For some, March Madness is more about exploitation than basketball

  • Fans in the Oregon student section hold up a sign making fun of the controversy surrounding Arizona coach Sean Miller, during the first half of an NCAA college basketball game Saturday, Feb. 24, 2018, in Eugene, Ore. (AP photo/Chris Pietsch) Chris Pietsch

  • Michigan guard Charles Matthews (1) celebrates after scoring on a 3-oint basket against Texas A&M during the first half of an NCAA men's college basketball tournament regional semifinal Thursday, March 22, 2018, in Los Angeles. (AP Photo/Jae Hong) Jae Hong

  • Villanova players gather at center court prior to practice at the NCAA men's college basketball tournament in Boston, Thursday, March 22, 2018. Villanova faces West Virginia in a regional semifinal on Friday night. (AP Photo/Charles Krupa) Charles Krupa

  • Kansas players head onto the court for practice at the NCAA men’s college basketball tournament in Omaha, Neb., on Thursday. AP

Monitor columnist
Published: 3/23/2018 11:05:25 PM

Luke Bonner and Mike McCann love college basketball this time of year.

But they love justice in the workplace, too, perhaps even more than a sweet jumper or a no-look pass. And in this case, we’re talking about a hardwood court, not a steamy factory with bad ventilation.

That’s what happens when you have a birds-eye view – Bonner’s through his playing days and activism, McCann’s through his legal and writing careers – of this money-making madness.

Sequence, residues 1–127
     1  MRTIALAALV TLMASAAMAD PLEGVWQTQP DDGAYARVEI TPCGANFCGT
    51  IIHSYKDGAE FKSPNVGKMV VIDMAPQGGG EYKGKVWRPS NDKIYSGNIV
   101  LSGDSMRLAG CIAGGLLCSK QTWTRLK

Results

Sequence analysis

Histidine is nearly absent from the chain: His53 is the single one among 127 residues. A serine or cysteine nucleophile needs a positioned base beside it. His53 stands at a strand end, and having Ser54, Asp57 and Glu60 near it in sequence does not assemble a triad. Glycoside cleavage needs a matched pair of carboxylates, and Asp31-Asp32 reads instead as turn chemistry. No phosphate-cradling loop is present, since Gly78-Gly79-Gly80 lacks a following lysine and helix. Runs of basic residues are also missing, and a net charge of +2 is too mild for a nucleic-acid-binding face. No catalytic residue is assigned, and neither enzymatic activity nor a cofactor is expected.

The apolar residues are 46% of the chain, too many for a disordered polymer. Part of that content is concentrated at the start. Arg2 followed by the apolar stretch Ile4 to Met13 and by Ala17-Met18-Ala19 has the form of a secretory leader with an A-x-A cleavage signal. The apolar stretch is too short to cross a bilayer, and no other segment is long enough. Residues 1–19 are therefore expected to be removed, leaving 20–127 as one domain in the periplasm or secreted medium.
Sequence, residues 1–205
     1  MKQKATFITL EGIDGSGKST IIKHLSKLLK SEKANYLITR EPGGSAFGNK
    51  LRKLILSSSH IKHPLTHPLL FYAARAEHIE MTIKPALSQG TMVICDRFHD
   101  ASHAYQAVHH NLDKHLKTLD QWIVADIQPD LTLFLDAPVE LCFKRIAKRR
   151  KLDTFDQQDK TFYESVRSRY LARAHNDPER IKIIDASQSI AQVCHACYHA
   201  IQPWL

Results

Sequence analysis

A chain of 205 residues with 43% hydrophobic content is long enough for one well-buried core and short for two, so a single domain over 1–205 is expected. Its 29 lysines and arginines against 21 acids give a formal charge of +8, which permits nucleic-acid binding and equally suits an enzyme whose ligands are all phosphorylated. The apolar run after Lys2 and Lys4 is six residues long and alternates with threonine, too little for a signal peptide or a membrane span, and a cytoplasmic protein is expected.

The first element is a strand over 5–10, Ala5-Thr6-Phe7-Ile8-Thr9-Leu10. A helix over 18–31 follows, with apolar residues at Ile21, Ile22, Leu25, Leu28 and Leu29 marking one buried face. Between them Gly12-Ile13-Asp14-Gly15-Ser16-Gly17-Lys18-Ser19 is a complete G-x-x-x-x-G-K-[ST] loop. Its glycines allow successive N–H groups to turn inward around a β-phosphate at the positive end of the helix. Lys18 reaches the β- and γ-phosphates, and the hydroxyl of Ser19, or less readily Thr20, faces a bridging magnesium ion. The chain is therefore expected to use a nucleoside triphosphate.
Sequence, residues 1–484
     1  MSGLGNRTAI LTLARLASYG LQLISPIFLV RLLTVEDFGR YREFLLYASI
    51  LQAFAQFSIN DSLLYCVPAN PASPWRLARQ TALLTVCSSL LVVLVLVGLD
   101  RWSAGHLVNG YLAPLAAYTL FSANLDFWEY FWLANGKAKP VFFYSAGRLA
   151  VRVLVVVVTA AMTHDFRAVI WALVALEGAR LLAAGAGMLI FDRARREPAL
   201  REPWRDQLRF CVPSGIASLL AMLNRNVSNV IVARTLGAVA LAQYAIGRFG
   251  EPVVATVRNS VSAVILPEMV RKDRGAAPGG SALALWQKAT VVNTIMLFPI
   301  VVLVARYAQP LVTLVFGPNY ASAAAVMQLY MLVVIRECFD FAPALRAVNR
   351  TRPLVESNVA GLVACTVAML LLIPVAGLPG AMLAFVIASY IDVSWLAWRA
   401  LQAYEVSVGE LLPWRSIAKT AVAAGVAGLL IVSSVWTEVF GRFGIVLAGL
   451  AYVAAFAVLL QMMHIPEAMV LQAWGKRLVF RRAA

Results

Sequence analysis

You turn jaded. You remain appreciative of the game’s finer points, its nuances and late-game theatrics, all of which we’ll continue to see throughout the weekend during the NCAA Tournament.

But for Bonner and McCann, something more now invades their thoughts. It speaks to them, a little voice that leaves a bad taste in their mouths as they watch the stars of
the show – the players, not the coaches or the athletic directors or the colleges – make money for
others while being exploited themselves.

“I cannot separate it because I write about these issues,” McCann, a law professor at the University of New Hampshire School of Law here in Concord whose byline appears often in Sports Illustrated, told me last week by phone.

Said Bonner, “I still watch, but it’s important to see what is going on and pick up the stuff the NCAA is putting out there for propaganda. Watching with a critical eye and being able to talk about it is important.”

The problems stem from one simple fact: While baseball has a minor-league feeder system in place, separate from big-time college ball, the NBA, as well as the NFL, depends on colleges to serve that purpose.

As McCann said, “College is a minor league system, and a free minor league system at that.”

Their voices on this matter are loud nationally. McCann co-wrote a book with former UCLA basketball star Ed O’Bannon, who sued video-producing giant Electronic Arts and the NCAA over using the likeness of players in video games without compensating them. This, the suit said, violated anti-trust laws.

And how did corporate America work around this obvious breach in business law?

“For years, real players’ names and attributes were used in developing games,” McCann said, “and then right before the games were published and on sale, the names of the players were then removed. They would use the number, the player’s race, and it was obviously him.”

EA, which works for the NCAA, reached a settlement two years ago, meaning 24,000 former college basketball and football players shared in $60 million.

Now, former and current players must receive payments when video companies incorporate their likeness into games. There’s a catch, though: EA ceased making games because its boss, the NCAA, remained stuck in its archaic mindset, telling the video game publishers it couldn’t pay for the identity rights of college players.